Book your ticket via Klook here for discounted prices.
11. Get your coffee fix at a Starbucks with tatami mats
As a traveller you know you ought to visit a traditional teahouse, but the basic millennial in you can’t help but crave your staple: Starbucks. Satisfy both sides of you at Starbucks Ninenzaka, housed in a historical wooden building. It blends in so well with its neighbouring shophouses that we walked right past a couple of times without realising.
The interior is true to the theme as well, with tatami mats and floor cushions which you have to remove your shoes to sit on. Of course, there are normal chairs if you’d rather have your cuppa the “normal” way – but where’s the fun in that?
We got our hands on the Pink Peach Fruits Frappuccino (JPY620), a sweet, creamy Japan-exclusive topped with peach cream
This Starbucks branch just opened last year, but is already incredibly popular among tourists, so a queue is inevitable – both for the drinks and the seats.
Address: 349 Banchi, Masuya-cho, Shimogawara Higashi-iru, Kodaiji Minamimon-dori, Higashiyama-ku, Kyoto
Opening hours: Daily, 8AM-8PM
Telephone: +81 75-532-0601
– Tokyo –
12. Enter the universe of Totoro and Spirited Away with a Ghibli Museum tour
Image credit: @_____kaho__
When it comes to Japanese animated films, no one does it quite like Studio Ghibli, which has produced riveting cult classics like My Neighbour Totoro, Spirited Away, and Howl’s Moving Castle. Get a glimpse of the creative process behind those whimsical movies at the Ghibli Museum, with exclusive sketches and an original short that can only be viewed on site.
Giant sculpture of the robot from Laputa: Castle in the Sky
Image credit: @matthew_helloworld
A one-day tour will be conducted by an English-speaking guide, and will include a sumptuous lunch at Hotel Gajoen Tokyo – as well as entry to both the Ghibli Museum and Edo-Tokyo Open Air Architectural Museum.
Image credit: @gsx_asurada_30
People camp in front of their computers to purchase tix as early as a month in advance, right when they launch, so chope yours quick through Klook here.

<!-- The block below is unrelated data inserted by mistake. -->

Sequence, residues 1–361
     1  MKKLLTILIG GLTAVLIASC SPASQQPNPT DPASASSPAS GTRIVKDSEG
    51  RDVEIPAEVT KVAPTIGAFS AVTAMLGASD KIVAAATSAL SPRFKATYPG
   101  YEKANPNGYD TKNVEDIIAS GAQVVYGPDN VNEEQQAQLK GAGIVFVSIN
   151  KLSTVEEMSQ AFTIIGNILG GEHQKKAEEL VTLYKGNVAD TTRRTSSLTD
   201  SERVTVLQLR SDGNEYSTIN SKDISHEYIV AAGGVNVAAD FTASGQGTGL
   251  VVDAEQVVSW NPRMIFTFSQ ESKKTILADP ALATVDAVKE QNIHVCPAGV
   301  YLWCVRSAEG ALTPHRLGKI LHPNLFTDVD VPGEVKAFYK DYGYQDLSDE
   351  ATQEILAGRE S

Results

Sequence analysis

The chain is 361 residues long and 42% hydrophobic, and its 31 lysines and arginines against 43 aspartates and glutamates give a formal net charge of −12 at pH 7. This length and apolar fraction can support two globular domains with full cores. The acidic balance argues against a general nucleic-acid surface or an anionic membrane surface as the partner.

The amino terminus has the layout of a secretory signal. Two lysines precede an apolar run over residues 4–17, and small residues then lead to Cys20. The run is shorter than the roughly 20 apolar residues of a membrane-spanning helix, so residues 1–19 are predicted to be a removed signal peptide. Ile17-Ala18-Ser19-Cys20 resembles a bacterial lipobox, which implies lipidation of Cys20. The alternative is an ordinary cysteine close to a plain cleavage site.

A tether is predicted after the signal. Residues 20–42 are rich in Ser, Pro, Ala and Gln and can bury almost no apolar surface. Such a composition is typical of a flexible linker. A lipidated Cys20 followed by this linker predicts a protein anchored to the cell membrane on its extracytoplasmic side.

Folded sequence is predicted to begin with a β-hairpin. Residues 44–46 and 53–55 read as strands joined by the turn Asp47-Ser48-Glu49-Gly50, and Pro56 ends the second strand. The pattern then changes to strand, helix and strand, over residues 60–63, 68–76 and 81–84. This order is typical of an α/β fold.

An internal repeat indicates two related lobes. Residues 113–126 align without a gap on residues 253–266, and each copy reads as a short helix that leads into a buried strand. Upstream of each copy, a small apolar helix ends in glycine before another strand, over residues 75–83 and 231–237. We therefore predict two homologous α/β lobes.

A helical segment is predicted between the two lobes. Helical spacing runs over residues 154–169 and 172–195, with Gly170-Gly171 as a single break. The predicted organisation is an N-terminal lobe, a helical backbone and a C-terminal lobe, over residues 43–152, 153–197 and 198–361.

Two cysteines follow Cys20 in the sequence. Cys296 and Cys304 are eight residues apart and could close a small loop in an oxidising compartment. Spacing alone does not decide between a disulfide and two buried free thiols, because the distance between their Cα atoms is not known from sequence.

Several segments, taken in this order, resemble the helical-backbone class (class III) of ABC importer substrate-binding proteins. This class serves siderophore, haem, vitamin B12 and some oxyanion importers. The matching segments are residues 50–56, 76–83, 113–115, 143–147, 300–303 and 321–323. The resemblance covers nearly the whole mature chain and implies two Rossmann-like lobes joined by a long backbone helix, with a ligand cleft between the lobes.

Address: 1 Chome-1-83 Shimorenjaku, Mitaka, Tokyo 181-0013, Japan
Opening hours: Wed-Mon: 10AM-6PM (Closed on Tuesdays)
Nearest JR station: Mitaka
13. Watch the most colourful, bizarre performance at the Robot Restaurant
Image credit: @c_gui
Guitar-wielding robots, mechanical dinosaurs, and dancers with horse masks sound like something out of a whacked out dream – but that’s what you’ll witness IRL when you visit Shinjuku’s famous Robot Restaurant. Their performances and vivid laser displays are probably what you’d get if you crossed a Mardi Gras carnival with an acid trip, i.e., hella bizarre.
Image credit: @poejarker
Note that despite calling itself a restaurant, this place focuses more on the performance than the food – with mainly bar bites and drinks on the menu – so you might want to get your fill first before heading down.
Image credit: @uannasor
Book your tickets in advance via Klook here to shave over $40 off your entry.
Address: 1-7-1 Kabukicho Shinjuku-ku Tokyo, Japan
Opening hours:,, 3.30PM-11.30PM
Telephone: +81 3-3200-5500
Nearest JR station: Shinjuku
14. Go kart in cosplay on the streets of Akihabara
Only in Japan can you go kart freely on the streets, decked out in a character onesie, without having anyone stare at you like you’re bonkers. It won’t quite be Tokyo Drift – you’ll still have to abide by traffic rules and keep to a safe speed – but it’s definitely a far cry from your daily road commutes in jam-prone Singapore.
Image credit: Yu Han via Klook
Their kawaii jumpsuits come in a multitude of designs, be it Super Mario, Winnie the Pooh, or Batman. Don’t worry if you’re unfamiliar with the streets of Akihabara, because you can opt for a guide to accompany you.
Book your wheels for 1, 2, 3, or 4 hours via Klook here.
Address: Building Sasage B1F, 2-4-6 Sotokanda, Chiyoda-ku, Tokyo
Opening hours: 10AM-10PM
15. Watch real sumos train
Image credit: Klook
You may have watched the Super Duper Sumos battle baddies with their winning moves as a kid. Now, you can watch bona fide sumos train at their stables – a rare treat, since many of such training centres are not open to foreign visitors.
Unlike in the cartoons, it’s not just about bodyslams or putting your opponent in a headlock. Sumo wrestling is an art form, which comes with rich history and strict customs – book your tickets through Klook here and learn all about it from their English-speaking staff.
Book your JR Pass for Osaka, Kyoto, and Tokyo through Klook
Zipping across the the magical trinity of Japan by train is easy when you have a Whole Japan Rail Pass. It’s really simple – just pre-book it through Klook’s app or website with your selected activation date, and up pick the Exchange Order voucher at their CBD office.
You’ll then have to exchange the voucher for the actual pass at any JR office in Japan – these can be found at major train stations like Shin-Osaka and Kyoto, as well as airports like Kansai and Narita.
Hopping from one city to another in Japan typically requires about 2-4 hours depending on where you’re headed, but don’t worry about it being butt-numbingly uncomfy. JR trains have cushy seats with plenty of legroom, and even baggage storage. And unlike in Singapore, you’re allowed to eat your dabao-ed food onboard.
Other versions of the JR Pass are available for different itineraries. We opted for the JR Kansai Wide Area Pass as our trip was centred within the Kansai region, where we visited Osaka, Kyoto, and Kinosakionsen. Collection was fuss-free, done at a kiosk at Kansai Airport.
Tip: train arrival and departures in Japan are super on-time, so check the schedule before planning your activities to max out your day.